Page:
Professor Emerita

Sandra B. Sharp
Natural & Social Sciences
Biological Sciences
Office Location: ASCL 316
Phone: (323) 343-2072 Email:


Dr. Sharp obtained her Ph.D. in Biological Chemistry from the University of California, Los Angeles, School of Medicine, and her postdoctoral training in Molecular Biology in the Division of Chemistry at California Institute of Technology, Pasadena. In addition to her research and research mentoring endeavors at Cal State, LA, Dr. Sharp works with faculty from CSU campuses statewide to enhance CSU biotechnology teaching and research programs. She is a member of the Strategic Planning Council for the California State University Program for Education and Research in Biotechnology (CSUPERB).



The classes Dr. Sharp has taught include Principles of Gene Manipulation, Animal Cell Culture Theory and Technique, Molecular Diagnostics, From Concept to Market (a survey of careers in and the steps of product development in the biotech industry), a graduate level lab in Genetic Engineering, and Writing for Biologists lab.  She established the original version of the post-baccalaureate Biotechnology Certificate Program, currently directed by Dr. Howard Xu in Biological Sciences.  She worked with other faculty and campuses to develop offerings and opportunities in bioinformatics.   Currently, she provides research experience for undergraduate and graduate students in her laboratory in the Department of Biological Sciences.


An important goal in biomedical research is to understand the molecular pathways and mechanisms that regulate development, particularly those that regulate the transition from cell proliferation to cell differentiation. We aspire to contribute to the understanding of the mechanisms that regulate normal differentiation in order to enable the development of successful medical approaches to both developmental disorders and cancer. Our model system is muscle development or myogenesis.  We currently have three major projects.   

The first project uses whole animals and molecular studies to test the hypothesis that either the generally expressed tumor suppressor transcription factor p53 or the muscle-specific transcription factor MyoD must be expressed for successful completion of myogenesis in vivo. 

The second asks whether the recently discovered MyoD binding sites found downstream of the skeletal muscle actin gene work together with the well-known binding sites upstream of the gene to regulate the efficiency of its expression.  We are using plasmid reporter constructs and myogenic cells in culture to answer this question. 

The third project asks whether the MyoD bound upstream of the Id2 and Id3 genes contribute to the efficiency of their expression during proliferation and the transition to differentiation.  The Id proteins inhibit differentiation.  We are using cell lines that do or do not express MyoD, together with reporter assays, to answer this question.

Dr. Sharp has had the good fortune to have had many wonderful students in her lab.  Some have gone on to complete advanced degrees.  Many are already making their contributions in industry, academia, and the health professions.  There are currently no openings in the lab.




Krilowicz, B., W. Johnston, S.B. Sharp, N. Warter-Perez, J. Momand.  A summer program designed to educate college students for careers in bioinformatics.  CBE:Life Sciences Education  6:74-83.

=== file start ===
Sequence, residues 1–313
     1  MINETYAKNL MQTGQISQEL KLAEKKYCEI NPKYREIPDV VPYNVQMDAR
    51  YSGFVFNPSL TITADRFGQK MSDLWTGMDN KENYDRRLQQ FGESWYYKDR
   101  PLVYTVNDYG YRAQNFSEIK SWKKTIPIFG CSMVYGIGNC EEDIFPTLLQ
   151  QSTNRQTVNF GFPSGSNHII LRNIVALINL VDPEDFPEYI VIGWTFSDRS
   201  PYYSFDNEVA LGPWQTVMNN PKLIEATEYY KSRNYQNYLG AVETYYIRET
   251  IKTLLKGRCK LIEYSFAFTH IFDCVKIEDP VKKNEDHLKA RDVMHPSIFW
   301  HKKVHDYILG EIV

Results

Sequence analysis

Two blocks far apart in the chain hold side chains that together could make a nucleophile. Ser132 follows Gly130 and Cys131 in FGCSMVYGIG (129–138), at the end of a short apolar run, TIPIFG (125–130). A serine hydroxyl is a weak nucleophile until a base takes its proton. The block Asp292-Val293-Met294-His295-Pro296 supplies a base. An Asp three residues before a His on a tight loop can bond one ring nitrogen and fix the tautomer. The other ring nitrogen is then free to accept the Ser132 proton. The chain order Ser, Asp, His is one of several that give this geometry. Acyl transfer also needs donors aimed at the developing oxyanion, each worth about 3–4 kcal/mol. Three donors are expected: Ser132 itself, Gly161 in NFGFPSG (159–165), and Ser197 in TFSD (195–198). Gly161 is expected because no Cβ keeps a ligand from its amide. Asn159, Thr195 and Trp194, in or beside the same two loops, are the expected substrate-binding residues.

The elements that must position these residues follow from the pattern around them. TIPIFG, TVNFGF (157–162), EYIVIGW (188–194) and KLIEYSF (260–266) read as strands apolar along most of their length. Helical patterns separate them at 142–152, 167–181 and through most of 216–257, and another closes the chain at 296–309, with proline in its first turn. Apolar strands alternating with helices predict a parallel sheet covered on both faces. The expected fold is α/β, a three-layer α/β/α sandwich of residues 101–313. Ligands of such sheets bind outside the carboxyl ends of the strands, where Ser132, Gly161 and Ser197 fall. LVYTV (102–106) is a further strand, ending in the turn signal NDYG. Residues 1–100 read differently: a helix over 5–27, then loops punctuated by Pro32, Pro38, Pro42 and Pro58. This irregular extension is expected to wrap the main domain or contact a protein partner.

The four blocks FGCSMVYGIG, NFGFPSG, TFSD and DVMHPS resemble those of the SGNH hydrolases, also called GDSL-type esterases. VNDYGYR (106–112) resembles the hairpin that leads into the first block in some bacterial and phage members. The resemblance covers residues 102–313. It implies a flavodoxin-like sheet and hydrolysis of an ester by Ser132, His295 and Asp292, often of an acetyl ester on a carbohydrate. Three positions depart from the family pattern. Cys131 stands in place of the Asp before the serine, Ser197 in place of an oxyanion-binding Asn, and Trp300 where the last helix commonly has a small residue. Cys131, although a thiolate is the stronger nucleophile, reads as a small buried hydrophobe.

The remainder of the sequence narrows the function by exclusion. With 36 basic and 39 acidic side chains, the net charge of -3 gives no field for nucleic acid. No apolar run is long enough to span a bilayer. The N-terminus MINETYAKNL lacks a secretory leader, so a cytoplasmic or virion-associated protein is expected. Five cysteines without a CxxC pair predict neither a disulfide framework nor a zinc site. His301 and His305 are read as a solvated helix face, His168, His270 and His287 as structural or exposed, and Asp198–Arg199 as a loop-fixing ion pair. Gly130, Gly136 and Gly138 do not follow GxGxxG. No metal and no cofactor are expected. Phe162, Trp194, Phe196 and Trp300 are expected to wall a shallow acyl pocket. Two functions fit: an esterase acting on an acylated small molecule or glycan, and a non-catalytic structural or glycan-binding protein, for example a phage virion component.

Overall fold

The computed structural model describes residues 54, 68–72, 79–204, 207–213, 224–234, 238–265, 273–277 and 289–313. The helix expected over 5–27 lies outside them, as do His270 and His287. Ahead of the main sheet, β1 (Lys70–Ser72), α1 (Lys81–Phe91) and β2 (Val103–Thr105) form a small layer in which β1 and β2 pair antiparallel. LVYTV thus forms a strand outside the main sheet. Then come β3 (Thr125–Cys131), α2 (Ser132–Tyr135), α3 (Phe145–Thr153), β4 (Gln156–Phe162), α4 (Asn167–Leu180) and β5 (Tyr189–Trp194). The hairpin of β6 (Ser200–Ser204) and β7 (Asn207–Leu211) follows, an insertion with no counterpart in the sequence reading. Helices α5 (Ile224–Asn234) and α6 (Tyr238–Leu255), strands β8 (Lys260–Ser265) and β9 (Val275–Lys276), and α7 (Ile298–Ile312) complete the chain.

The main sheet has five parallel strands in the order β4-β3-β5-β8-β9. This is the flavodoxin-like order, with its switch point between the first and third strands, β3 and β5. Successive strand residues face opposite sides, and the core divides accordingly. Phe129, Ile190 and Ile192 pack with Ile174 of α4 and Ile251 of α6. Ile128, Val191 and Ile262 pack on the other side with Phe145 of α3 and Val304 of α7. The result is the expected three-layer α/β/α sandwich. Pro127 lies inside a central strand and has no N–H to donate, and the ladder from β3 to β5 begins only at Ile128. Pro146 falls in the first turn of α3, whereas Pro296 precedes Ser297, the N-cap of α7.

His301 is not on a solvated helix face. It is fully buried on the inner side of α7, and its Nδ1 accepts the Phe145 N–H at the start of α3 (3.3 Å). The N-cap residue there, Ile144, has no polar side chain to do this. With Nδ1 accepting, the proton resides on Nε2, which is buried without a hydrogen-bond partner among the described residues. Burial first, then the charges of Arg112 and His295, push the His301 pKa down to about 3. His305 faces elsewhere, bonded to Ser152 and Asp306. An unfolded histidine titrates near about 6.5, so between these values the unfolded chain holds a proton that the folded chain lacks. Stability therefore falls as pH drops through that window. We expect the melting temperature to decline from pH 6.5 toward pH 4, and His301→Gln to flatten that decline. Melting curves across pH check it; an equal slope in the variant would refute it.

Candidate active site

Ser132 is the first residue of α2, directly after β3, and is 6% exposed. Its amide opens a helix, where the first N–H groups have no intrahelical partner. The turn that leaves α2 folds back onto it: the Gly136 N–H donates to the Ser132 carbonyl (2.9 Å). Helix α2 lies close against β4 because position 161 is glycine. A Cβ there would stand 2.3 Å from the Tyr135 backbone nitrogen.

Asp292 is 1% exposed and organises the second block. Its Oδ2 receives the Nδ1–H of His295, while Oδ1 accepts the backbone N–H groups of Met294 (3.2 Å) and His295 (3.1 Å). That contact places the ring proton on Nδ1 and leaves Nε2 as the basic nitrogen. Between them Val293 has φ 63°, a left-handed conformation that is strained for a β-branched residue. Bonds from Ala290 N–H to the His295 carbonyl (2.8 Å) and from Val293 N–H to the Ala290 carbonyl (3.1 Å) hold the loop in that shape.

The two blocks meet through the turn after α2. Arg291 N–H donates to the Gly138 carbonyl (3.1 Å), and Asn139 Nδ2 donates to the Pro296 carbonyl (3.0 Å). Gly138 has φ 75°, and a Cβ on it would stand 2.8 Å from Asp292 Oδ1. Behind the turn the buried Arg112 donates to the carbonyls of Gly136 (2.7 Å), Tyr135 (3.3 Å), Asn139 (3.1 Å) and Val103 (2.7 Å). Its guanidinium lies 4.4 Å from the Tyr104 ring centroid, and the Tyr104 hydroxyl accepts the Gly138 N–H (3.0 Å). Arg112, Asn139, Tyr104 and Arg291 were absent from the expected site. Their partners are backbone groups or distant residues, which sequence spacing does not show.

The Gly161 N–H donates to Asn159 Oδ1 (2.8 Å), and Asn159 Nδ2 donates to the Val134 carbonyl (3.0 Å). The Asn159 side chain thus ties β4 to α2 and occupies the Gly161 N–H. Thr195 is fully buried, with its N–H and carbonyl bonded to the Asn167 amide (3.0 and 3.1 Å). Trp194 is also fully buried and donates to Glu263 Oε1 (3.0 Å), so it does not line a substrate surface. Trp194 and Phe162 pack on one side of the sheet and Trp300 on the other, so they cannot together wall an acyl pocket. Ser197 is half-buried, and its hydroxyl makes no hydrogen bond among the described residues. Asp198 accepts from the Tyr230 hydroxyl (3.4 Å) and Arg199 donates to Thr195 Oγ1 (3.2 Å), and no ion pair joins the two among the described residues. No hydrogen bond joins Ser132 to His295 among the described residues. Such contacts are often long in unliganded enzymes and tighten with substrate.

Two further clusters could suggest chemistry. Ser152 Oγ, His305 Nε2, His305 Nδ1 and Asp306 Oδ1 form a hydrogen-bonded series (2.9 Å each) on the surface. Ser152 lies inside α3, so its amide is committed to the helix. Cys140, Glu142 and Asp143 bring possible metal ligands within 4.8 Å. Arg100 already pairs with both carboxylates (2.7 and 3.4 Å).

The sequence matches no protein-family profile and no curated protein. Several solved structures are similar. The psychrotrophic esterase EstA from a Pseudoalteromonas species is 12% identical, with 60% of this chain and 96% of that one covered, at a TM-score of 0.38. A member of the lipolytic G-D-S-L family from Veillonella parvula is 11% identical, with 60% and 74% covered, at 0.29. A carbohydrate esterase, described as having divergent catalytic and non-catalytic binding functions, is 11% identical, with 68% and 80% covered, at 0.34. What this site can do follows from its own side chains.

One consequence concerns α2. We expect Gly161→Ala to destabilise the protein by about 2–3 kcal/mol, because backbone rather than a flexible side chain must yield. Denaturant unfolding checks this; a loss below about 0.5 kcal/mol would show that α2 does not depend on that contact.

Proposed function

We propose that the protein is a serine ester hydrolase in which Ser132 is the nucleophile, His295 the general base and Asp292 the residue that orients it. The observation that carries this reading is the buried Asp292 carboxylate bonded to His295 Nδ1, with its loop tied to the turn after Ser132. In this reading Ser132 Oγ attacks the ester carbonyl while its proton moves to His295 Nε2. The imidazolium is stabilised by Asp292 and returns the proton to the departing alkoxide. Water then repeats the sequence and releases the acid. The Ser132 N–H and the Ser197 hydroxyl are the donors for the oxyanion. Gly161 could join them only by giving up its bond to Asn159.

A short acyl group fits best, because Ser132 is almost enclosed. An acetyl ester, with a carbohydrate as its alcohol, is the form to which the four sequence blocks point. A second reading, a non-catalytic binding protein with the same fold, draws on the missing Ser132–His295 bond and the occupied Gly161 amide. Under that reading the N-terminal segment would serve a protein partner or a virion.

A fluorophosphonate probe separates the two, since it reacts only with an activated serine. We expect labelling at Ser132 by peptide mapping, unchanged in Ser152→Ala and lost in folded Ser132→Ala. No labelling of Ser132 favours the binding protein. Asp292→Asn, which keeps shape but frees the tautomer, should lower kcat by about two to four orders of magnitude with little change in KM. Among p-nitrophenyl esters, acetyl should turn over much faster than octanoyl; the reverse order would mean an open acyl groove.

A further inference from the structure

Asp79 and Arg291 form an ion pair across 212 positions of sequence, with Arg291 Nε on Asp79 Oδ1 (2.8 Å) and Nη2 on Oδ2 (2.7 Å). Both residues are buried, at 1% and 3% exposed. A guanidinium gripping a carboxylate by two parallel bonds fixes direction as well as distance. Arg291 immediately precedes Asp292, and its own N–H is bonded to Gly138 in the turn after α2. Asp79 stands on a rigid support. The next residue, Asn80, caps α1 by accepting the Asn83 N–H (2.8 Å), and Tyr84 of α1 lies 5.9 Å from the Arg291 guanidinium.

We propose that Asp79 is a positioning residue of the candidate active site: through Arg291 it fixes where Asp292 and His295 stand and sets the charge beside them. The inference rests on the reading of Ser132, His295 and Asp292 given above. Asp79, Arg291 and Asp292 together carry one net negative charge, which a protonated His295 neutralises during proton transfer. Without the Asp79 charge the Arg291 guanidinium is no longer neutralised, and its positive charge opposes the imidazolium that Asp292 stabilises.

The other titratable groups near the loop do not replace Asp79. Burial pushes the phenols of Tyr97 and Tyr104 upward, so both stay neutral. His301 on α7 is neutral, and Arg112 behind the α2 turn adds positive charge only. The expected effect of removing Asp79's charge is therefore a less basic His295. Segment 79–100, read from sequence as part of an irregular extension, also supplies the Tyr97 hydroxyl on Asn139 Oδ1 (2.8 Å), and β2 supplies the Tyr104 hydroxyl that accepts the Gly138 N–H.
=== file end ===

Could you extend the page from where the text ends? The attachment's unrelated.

Sharp, S.B., M. Villalvazo, A. Espinosa, S. Damle, X. Padilla, J. Hartono, R. Gonzalez, S. Vu.  BC3H1 myogenic cells produce an infectious ecotropic murine leukemia virus. In Vitro Cell. Dev. Biol.--Animal 38:378-381.
This article was chosen for highlighting by the Society for In Vitro Biology.


Sharp, S.B., M. Villalvazo, M. Huang, R. Gonzalez, R. Alarcon, M. Bahamonde, D. D'Agostin, S. Damle, A. Espinosa, S. Han, J. Liu, P. Navarro, H. Salguero, J. Son, S. Vu.  Further characterization of BC3H1 myogenic cells reveals lack of p53 activity and underexpression of several p53 regulated and extracellular matrix associated gene products.  In Vitro Cell. Dev. Biol.--Animal 38:382-393.


Green, N., S. Vu, S. Farahmand, and S.B. Sharp.  Limited T4 Exonuclease Activity and Partial Fill-in Expand Insertion Site Options for PCR Subcloning. Biotechniques 27:914-916.


McQueen, N.L, and S.B. Sharp.  Molecular Diagnostics -- an upper division/graduate course. Biochemical Education 27:145-149.


Sharp, S.B., S. Kim, M. Lee, L. Sunday, E. Enriquez, M. Villalvazo, A. Ghebremedhin, L.S. Carvajal, P. Momjian, and S. Avari.  Culture of C2C12 and BC3H1 myogenic cells with iron-supplemented calf serum; rapid media screen. In Vitro Cell. Dev. Biol.--Animal 31:749-751.


Sharp, S.B., A. Vazquez, M. Theimer, D.K. Silva, S.R. Muscati, M. Sylber, and M. Mogassa.  The levels of vascular smooth as well as skeletal muscle actin mRNAs differ substantially among both myoblast and fibroblast lines with different skeletal myogenic potentials. Cellular and Molecular Biology 38: 485-504.


Sharp, S.B., T.A. Kost, S.H. Hughes, and N. Davidson. Regulation of chicken α and β actin genes and their hybrids inserted into myogenic mouse cells. GENE 80: 293-304.





Distinguished Women Award, Cal State LA


Anthony Andreoli Faculty Service Award from Statewide CSU Program for Education and Research in Biotechnology (CSUPERB)


B.A., 1967.  Zoology, Minor in Chemistry

  • University of California, Berkeley

Ph.D., 1981.  Biological Chemistry

  • UCLA School of Medicine


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